4. ...The entire matter is considered by US authorities to be of tremendous significance (All Points from a memo to Smith's chief in November of 1950)!
Moreover, there are other quality persons (even if unwilling to embrace ~all~ the implications and assertions of Mr. Smith), persons abundantly convinced that there are films, notes, and hardware extant ~enough~ to justify a refined and concerted research into the areas that Smith testified he'd been made aware of... by aliens from space... not to put too fine a point on it. Listen to Connors' ~current~ forward thinking compilation to get an intimation of what Smith may have been trying to tell us... and...
...Did Wilburt Brockhouse Smith, in 1952 'invent' the "The Prime Directive" as it's presently understood, that ethical non-interference code against meddling with an inferior or immature culture? And if he did... how did he do it? He said he got it from the aliens... As far as we're concerned (the proof is there) the concept is his and not Gene Roddenberry's. Did Roddenberry ever hear Smith, or meet him? Nothing against Gene... with regard to art, the 'good' borrow, and the 'great' steal. [g]. But, he might owe Smith a credit, at least...
Before this review gets too long I want to mention one other notable segment on the MP3 disc otherwise PACKED with notable segments! It is with regard to a Track #16, "The Great Debate: Major Donald E. Keyhoe of the National Investigations Committee on Aerial Phenomena, debating Col. William T. Coleman (former Chief Air Force publicist), USAF via CBC in 1975... on the existence of UFOs. One can easily predict who argued which side.
Keyhoe, as measured by the attending audience, 'lost' that debate. ...But ~did~ he!
Yes, Keyhoe 'loses' the *straight-up* debate, a skeptibunky would strut and crow, ~even~ as a sizable majority of the studio audience remains convinced that UFOs are real ~and~ extraterrestrial at the program's denouement...
...But, a 'Win' or a 'Loss' in a formal debate makes certain presumptions on the process of its exercise, reader! The presumption is that both men are forthcoming, have no ulterior axes to grind and are articulating the truth as they know it. The presumption is that both men are brave and both are going where the data leads. The presumption is that they both follow the same efficacious rules and not use technique and verbal slight of hand to win an honorable contest. The presumption is that the participants are not ~lying~, flatly, in so far as they know it, and are not otherwise selling their points or basing their premises on untruth and obfuscation! It's bona fide "debate"... or it's the United States Congress. There is no middle ground. This is the presumption!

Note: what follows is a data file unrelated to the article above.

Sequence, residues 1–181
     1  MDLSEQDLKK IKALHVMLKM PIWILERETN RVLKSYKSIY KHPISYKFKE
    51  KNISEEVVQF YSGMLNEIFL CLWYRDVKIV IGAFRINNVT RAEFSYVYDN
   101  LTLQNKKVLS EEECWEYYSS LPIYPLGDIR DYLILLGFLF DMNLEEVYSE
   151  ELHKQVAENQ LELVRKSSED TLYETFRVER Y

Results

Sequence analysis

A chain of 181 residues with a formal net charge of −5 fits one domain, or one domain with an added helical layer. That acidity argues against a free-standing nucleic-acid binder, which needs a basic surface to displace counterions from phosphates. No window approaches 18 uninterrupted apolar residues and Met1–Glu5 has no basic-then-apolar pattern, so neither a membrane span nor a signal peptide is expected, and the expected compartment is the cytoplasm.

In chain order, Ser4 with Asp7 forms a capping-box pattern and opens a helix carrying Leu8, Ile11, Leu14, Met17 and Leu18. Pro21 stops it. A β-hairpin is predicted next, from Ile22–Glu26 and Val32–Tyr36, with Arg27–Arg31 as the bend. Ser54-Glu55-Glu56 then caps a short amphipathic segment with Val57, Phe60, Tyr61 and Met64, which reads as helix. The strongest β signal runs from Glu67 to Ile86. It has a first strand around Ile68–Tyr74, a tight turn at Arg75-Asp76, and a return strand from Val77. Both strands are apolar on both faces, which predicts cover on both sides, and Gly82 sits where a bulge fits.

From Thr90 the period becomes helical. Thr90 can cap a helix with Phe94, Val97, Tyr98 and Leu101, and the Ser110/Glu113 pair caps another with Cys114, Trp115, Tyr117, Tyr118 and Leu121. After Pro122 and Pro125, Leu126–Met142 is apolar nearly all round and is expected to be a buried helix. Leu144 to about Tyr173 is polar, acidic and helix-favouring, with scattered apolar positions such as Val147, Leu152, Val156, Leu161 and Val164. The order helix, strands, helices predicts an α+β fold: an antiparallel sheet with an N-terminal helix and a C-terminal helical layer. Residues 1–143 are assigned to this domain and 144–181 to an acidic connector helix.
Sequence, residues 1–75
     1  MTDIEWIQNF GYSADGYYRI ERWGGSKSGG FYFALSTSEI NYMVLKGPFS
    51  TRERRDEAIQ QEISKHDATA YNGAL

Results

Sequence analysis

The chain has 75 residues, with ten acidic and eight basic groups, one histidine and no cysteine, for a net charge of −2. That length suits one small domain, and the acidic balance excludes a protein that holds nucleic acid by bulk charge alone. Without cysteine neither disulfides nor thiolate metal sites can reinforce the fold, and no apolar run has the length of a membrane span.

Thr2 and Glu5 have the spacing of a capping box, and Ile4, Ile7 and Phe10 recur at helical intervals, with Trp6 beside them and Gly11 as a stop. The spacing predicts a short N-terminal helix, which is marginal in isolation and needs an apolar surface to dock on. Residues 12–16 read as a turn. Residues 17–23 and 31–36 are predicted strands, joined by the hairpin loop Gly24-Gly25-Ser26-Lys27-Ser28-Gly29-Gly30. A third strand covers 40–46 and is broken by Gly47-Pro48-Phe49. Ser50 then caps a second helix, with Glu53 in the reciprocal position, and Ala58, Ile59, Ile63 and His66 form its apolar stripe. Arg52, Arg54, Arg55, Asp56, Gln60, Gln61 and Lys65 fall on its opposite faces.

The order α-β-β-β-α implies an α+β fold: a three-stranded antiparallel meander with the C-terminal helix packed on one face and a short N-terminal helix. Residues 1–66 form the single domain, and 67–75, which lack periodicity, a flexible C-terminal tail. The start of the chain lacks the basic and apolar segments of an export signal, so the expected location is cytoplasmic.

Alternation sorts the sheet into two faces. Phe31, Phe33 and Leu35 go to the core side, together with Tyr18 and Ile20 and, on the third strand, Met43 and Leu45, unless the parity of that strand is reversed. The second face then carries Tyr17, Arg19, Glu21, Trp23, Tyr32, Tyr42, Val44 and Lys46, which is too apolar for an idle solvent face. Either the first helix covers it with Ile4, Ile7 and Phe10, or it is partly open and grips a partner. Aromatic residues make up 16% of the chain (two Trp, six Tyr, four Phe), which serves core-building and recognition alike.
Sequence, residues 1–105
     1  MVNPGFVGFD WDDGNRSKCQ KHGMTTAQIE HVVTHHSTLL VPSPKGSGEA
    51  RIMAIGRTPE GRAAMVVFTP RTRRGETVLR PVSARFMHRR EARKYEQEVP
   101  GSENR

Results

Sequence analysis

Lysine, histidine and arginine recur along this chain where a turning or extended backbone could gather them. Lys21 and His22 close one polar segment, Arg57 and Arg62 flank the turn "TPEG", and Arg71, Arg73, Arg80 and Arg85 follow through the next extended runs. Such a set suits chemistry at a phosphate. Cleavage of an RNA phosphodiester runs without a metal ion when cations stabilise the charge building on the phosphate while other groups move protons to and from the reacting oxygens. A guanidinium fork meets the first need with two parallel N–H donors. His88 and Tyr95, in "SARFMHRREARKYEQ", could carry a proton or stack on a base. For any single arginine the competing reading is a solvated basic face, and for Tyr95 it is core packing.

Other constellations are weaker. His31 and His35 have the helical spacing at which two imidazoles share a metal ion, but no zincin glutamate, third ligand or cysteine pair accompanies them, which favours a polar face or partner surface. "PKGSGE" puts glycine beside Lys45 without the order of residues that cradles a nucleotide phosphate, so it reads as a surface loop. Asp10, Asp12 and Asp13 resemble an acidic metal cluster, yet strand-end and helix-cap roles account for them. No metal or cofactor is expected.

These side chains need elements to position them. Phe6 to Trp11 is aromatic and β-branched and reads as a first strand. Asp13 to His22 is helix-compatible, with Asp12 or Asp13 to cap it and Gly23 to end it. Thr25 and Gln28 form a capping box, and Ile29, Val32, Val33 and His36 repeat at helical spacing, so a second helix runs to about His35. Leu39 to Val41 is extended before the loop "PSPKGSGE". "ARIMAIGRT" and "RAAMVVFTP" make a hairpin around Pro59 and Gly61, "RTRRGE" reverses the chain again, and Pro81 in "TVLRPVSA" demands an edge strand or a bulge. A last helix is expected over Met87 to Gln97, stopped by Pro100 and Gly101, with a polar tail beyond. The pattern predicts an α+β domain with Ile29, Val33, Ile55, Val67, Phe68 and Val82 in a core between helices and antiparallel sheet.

Given what we now know decades into the future regarding the verity of Colonel Coleman's support points and his baldly convenient and institution-serving assessment of them, can those assumptions be made about Major Keyhoe and his opponent, presently? Who ~really~ won that debate, truth be known, and how much skeptibunky strutting and crowing is truly justified? Precious ~little~ this reviewer suspects.
Listen to the debate yourself contained in Connors' cunning compilation, and with thirty-plus years of 20/20 hindsight see if ~you~ can determine who was being the most logical and forthcoming, and who employed logical fallacy and duplicity -- lied (to cut to the chase) to make their points. Come to your own conclusion.
Also on Connors' MP3 disc are companion tracks in support of the concepts suggested to the rest of us by W. B. Smith. Included are his son James on a recent interview via "Strange Days Indeed" out of Toronto. RAdm. Herbert B. Knowles discusses the examination, by Smith, of a piece of supposed alien hardware. Robert Beck provides testimony on an ongoing "Project Magnet" (the Canadian saucer hunting effort) long thought cancelled. Robert Groves discusses the strange theories of "Quadrature," the new science revealed by Smith in a serious interview by Earl J. Neff. Lastly, Dr. J. Allen Hynek talks openly during his interview with a first officer of Canadian Pacific Airlines who describes his encounter with a UFO. All the tracks have a tendency to raise neck hair. These were smart and serious people... and THEY thought there was something to it.
Six hours, plus, of very compelling discussion and testimony await the listener on Connors' stunning compilation. She does not disappoint. I've listened to a few of the Smith tracks ~more~ than a few times and drawn something new away, every time. Fascinating stuff? Revealing stuff! Convincing stuff? Inspiring stuff!
Find more information on Wendy Connors' compilations of solid UFO history... at !
Read on!
...content to read, content to hear, content to see.....